You must be licensed and registered by the New York State Education Department (NYSED) as a registered professional nurse (RN) to practice nursing as an RN or refer to yourself as an “RN”, “registered nurse” or “registered professional nurse” in New York State.
Licensure and Registration
To be licensed and registered as an RN in New York State, you must:
- be of good moral character;
- be at least eighteen years of age;
- graduate from a nursing education program acceptable to NYSED;
- complete New York State required infection control coursework and child abuse reporting coursework;
- pass the National Council Licensure Examination for Registered Nurses (NCLEX-RN) or another license examination acceptable to NYSED; and,
- apply for an RN license with NYSED.
After you qualify for a license as an RN, NYSED will issue you a license parchment and a registration certificate.
- Your license is valid for life, unless it is surrendered, revoked, annulled, or suspended by the New York State Board of Regents.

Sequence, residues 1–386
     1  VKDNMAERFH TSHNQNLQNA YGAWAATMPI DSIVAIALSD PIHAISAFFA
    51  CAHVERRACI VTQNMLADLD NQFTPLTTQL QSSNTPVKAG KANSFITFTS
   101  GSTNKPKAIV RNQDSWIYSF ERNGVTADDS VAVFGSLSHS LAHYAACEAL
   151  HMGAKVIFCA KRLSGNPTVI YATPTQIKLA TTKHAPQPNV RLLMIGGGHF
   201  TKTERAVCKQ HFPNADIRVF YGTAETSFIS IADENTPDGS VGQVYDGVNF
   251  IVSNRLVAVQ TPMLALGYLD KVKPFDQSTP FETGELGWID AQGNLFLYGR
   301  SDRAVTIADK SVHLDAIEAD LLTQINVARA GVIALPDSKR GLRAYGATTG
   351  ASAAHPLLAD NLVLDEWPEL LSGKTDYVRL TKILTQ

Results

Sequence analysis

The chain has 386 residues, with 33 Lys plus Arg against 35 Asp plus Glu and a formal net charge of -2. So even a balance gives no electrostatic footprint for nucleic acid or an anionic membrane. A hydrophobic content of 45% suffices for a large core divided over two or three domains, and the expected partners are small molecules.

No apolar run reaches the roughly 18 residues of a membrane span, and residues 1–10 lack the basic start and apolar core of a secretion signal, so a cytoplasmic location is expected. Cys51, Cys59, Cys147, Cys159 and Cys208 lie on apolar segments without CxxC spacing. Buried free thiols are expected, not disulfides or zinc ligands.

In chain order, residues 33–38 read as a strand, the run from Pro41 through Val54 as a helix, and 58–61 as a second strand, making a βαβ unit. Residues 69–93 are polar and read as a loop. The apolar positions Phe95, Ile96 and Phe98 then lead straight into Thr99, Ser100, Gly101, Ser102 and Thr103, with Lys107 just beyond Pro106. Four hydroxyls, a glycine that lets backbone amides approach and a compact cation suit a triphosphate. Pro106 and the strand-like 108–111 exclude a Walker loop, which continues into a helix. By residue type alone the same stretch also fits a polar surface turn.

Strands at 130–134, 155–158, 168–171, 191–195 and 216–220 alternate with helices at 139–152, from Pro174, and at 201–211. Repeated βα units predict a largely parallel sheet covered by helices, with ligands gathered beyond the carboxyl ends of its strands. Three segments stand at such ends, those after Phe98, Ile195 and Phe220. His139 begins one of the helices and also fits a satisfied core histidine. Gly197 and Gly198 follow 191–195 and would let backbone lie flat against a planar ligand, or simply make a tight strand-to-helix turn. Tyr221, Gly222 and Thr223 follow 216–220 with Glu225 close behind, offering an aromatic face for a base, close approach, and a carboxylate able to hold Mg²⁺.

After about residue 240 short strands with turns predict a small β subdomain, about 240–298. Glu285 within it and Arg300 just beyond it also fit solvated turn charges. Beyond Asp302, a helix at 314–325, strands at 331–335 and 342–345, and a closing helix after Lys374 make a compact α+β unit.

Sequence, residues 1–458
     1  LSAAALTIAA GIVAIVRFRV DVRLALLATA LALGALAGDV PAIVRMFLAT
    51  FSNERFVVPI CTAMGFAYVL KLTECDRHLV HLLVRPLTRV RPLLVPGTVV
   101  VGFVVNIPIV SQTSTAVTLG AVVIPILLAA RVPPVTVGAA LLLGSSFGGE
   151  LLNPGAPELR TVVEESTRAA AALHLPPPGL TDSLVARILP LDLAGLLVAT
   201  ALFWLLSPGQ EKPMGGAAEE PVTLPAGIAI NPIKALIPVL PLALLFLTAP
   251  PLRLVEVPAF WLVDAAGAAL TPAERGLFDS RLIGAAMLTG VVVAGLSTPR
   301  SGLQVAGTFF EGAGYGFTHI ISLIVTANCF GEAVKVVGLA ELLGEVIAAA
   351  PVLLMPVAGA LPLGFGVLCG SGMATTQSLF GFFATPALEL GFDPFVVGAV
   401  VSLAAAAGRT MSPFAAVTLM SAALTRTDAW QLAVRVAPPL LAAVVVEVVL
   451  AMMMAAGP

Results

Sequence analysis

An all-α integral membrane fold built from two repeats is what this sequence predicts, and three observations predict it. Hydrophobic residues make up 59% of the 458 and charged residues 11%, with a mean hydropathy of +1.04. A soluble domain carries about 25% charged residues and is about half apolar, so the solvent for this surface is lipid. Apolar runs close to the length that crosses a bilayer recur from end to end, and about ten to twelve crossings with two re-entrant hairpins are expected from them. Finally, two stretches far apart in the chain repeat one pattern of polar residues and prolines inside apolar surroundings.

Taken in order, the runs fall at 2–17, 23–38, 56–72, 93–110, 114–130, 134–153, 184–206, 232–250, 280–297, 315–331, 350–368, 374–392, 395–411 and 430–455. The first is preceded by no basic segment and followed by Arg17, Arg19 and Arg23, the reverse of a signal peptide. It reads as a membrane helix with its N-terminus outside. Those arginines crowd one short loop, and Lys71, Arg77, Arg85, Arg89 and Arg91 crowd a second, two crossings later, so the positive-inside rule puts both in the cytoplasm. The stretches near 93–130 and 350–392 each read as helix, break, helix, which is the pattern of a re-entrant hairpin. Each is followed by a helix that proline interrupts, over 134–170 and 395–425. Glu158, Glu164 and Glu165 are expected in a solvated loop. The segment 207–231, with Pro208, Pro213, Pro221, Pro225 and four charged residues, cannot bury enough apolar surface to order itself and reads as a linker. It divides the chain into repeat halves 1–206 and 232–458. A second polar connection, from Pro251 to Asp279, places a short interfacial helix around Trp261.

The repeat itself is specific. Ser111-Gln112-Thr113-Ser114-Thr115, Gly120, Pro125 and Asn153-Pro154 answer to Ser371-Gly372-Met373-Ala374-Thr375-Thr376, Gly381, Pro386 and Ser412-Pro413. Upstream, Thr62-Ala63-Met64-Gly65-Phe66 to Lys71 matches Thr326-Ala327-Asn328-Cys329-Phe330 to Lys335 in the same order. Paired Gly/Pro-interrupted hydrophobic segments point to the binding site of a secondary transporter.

- Your RN registration certificate will authorize you to practice as an RN for 3 years in New York State. The second registration after licensure is shortened to move your re-registration period to align with your month of birth. The registration renewal fee will be prorated for that period. You must renew your registration every 3 years to continue to practice as an RN in New York State. You are not legally allowed to practice as an RN while your registration is expired
You should also read the general licensing information applicable for all professions.
The fee for licensure and first registration is $143.